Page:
Photography News 69

Buyers’ Guide 35 Buyers ’ Guide

Photography News | Issue 69 | photographynews.co.uk

Buying T chniqu

Every photographer needs a great bag. But there’s no such thing as a great bag for every photographer. This easy guide will help you find out what to look for in your next backpack, sling or shoulder bag Bag to the future

Words by Kingsley Singleton

1. Hard case

A decent camera bag needs to protect your gear and let you carry it in comfort, but beyond that there’s a profusion of choices to make. As dizzying as the range of photo bags out there is though, those choices can be easily informed by what you’re shooting. After all, a day’s landscaping in the wild is going to require something very different from an hour’s street shooting around town. Then there are factors like do you need storage for a laptop? Or tripod? Or some degree of waterproofing? 1. Type When you’ve identified the amount of storage you need, you can look to the bag type. This defines how it’s carried, and broadly the choice is between backpacks, rollers, shoulder bags and slings. If you’re shifting lots of gear, a backpack is the obvious choice as it can be fairly large and spread the weight of your kit over both shoulders, making it comfortable to carry for extended periods. A roller bag (a) is a good option for this, too, and means you can transport even heavier loads. Some combine the wheeled design with backpack straps for greater versatility, but of course those wheels are only useful if you have a decent surface to use them on. A sling (b) works like a lightweight backpack with a single strap, and one of its advantages is that you can move it around to the front of your body for quick access to your gear. But the ultimate in speed is a shoulder bag (c) which you can dip into at your side whenever you need it, so if you’re working fast that’s often the best way to go. There’s no denying style is important, too, and today’s bag market caters well for all tastes. So, whether you want something low-key for the city or tailored to match outdoor gear, there’s certain to be a model for you. 2. Storage size A good place to start when selecting the right bag for you is working out the amount of gear you need it to take. Tot up the amount of bodies, lenses and accessories you need to pack, and then look for the bag’s internal storage capacity to see if it matches or exceeds it slightly. You’ll then know you’re in the right bracket, size-wise. Storage size is often measured in litres, and given as height, width and depth measurement, but manufacturers will also give literal examples of what a bag can take. For instance ‘a mirrorless body and three to five lenses’, or ‘a pro-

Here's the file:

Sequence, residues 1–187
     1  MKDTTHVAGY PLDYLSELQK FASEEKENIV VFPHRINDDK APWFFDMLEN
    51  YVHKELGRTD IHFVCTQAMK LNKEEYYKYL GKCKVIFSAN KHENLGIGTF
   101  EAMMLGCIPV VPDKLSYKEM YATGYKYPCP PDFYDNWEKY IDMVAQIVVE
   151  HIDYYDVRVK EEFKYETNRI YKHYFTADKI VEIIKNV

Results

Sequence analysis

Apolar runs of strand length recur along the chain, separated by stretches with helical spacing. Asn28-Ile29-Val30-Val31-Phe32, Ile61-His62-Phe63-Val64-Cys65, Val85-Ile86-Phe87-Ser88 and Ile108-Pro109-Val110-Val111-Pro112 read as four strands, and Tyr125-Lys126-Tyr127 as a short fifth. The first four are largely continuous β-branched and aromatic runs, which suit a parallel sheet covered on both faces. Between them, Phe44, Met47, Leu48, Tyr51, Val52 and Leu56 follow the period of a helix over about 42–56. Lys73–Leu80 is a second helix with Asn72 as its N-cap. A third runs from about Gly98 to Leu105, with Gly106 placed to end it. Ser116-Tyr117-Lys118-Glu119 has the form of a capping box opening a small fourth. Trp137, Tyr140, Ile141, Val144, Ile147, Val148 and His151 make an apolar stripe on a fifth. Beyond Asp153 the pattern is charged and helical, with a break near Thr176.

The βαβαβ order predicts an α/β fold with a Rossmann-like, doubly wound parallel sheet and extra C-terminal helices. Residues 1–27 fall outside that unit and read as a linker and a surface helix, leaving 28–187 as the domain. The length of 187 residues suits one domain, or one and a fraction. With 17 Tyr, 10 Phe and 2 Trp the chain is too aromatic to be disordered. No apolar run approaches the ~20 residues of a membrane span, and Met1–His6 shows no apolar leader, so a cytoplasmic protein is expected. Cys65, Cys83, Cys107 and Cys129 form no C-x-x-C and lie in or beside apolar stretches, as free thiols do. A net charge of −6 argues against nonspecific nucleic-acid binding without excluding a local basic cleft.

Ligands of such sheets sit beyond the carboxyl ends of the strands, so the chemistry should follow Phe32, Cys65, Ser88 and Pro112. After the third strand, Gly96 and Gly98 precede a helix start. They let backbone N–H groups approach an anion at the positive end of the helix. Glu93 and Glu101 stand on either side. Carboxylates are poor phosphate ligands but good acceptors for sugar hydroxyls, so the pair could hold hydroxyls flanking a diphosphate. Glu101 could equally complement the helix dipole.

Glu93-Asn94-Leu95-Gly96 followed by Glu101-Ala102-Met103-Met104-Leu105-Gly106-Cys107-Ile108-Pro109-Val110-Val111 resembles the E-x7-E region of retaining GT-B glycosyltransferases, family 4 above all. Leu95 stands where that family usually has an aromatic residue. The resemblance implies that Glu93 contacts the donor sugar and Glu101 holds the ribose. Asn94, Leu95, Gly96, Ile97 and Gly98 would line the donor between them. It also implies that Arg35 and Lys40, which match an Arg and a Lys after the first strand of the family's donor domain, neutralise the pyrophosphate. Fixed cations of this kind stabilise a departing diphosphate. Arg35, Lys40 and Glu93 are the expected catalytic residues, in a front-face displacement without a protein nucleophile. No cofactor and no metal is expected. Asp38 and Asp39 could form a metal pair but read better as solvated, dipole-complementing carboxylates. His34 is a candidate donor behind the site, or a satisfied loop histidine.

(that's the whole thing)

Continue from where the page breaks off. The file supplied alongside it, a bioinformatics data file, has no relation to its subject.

Size is also a big factor, both in what the bag can hold andwhere you can reasonably take it. Fortunately there are bags of all shapes and sizes out there to suit all demands, and, of course it’s sensible to invest in more than one, so you’re all set for different situations and subjects. One of the most important things to physically try out a bag, either at your local camera shop, or by making sure you can return an online purchase, before buying – we are all different shapes and sizes, so some bags naturally fit one person better than another. size DSLR with 70-200mm f/2.8 zoom attached’, so you can get a real-world idea of what the bag is intended for. 3. Protection The security and protection of the gear you’re carrying is, of course, paramount, and this comes from the quality of the bag’s camera compartment (a), which sits within the outer shell. This compartment should preferably have a well padded or even solid plastic exterior, and its internal padding should have plenty of thickness and rigidity to stop it warping or being crushed in use. Look for compartments with a modular design, allowing you to shift the dividers around to hug your gear and stop it moving in transit. And check that there are no weak points at the corners or underneath. These days, camera cells or compartments can usually be lifted out of the bag entirely, turning it into a normal ‘day bag’, which can be helpful. If this is the case, make sure the compartment is easy to remove, but also that it attaches securely. 4. Access type Whether you go for a backpack or a shoulder bag, how you get to your gear can vary, and can affect your speed of shooting and security. Will you need to get to your kit quickly, as on a street shoot, or will you have time to spare? Security features, like clips, are great, but they can slow you down, so it’s a trade-off. For backpacks there’s usually a choice between front or rear access, and the latter can be preferable as the compartment door is against your back, and can’t be opened without taking the bag off. It also means the front of the bag is what touches the ground, so you don’t transfer water and mud to your clothing. Some backpacks also offer quick access features like side-opening panels, and slings do a similar job, but the ultimate in speedy access is a shoulder bag, with a press top – a flap with a zip running up it which lets you get at kit very quickly.

1 (b). Sling

2. You might need a big bag for a full kit on some shoots and other times something smaller would be more practical

1 (a). Roller case

1 (c). Shoulder/messenger bag

3. Many bags have extra provisions for security in crowds or while travelling

3 (a). Quality padding will give your kit the best protection

4. Side access is convenient and means you can get at contents without putting the bag down. Some bags have access from both sides. Rear access is secure and means a clean back because the bag is put down on its front, while shoulder bags have top access

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